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Blizzards, Get Snowed Under & Snow Job


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Now, the VOA Special English program WORDS AND THEIR STORIES.

Some popular American expressions come from areas of the United States where people experience problems of living in cold winter weather.

Winters in the northern United States are always cold and snowy.  Sometimes, heavy snow is brought by violent storms with high winds and extremely low temperatures. Americans call these storms, blizzards.

Blizzards are usually described as blinding, because no one can see through the blowing snow.

Until about one hundred twenty years ago, the word blizzard had nothing to do with snow.  It had several other meanings.  One was a sharp blow, like hitting a ball with a stick. Another meaning was a gun shot.  A third was any sort of statement or event that was the most extreme of its kind.

An especially violent and heavy snowstorm struck the state of Iowa in eighteen seventy. The newspaper editor in one small town called the terrible storm a blizzard, because it was the worst winter storm in a long time. This use of the word spread across the country in the next few years. Soon, any especially bad winter storm was called a blizzard.

Although no one likes a blizzard, many people love snow. It changes the appearance of everything around us. When snow is falling, the world seems somehow soft, peaceful and quiet.  Snow, especially in large amounts, covers everything.

But too much snow is a real problem.  Heavy, deep snow is difficult to move.  Clearing snow from roads and sidewalks is hard work. Someone who is snowed under has a lot of snow to clear.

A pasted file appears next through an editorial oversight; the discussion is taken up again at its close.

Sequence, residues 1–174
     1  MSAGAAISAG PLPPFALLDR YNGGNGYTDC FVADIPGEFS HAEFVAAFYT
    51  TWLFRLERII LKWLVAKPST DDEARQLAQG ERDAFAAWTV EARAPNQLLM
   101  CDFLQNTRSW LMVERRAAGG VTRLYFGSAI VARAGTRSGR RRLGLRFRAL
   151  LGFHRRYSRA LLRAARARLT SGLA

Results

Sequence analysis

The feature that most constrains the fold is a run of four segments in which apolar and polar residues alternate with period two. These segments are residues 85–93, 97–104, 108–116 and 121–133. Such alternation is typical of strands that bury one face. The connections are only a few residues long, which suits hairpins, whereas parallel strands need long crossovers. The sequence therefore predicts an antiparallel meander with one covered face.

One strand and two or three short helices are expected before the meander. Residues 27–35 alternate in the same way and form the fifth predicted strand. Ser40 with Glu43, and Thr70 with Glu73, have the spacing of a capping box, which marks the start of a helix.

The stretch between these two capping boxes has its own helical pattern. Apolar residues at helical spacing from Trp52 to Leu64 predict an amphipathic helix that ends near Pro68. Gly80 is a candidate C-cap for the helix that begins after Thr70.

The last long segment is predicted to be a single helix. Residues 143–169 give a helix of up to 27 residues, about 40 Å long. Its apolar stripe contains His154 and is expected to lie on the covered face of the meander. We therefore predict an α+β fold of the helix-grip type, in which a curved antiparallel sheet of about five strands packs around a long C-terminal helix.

That expression, snowed under, also has another meaning.  Anyone who has too much work to do is snowed under.  You might explain to a friend that you cannot see her tonight, because you are snowed under with work.

It also is possible to snow someone under with words. The idea is to change someone's mind by making a great many pleasant, but false, statements or claims. That is a snow job

A boy may use a snow job, for example, to try to get a girl to go out with him. The pretty words of his snow job are like the snow flakes that cover the real world around us. However, snow jobs, unlike blizzards, are easily seen through.

We hope you have enjoyed our attempts to explain some popular American winter expressions.  And that wish is no snow job.

This  VOA Special English program, WORDS AND THEIR STORIES, was written by Marilyn  Christiano. The narrator was Maurice Joyce.  I'm Warren Scheer.


Words and Their Stories in VOA Special English
www.manythings.org/voa/words

Source: Blizzard: Don't Let This Expression Snow You
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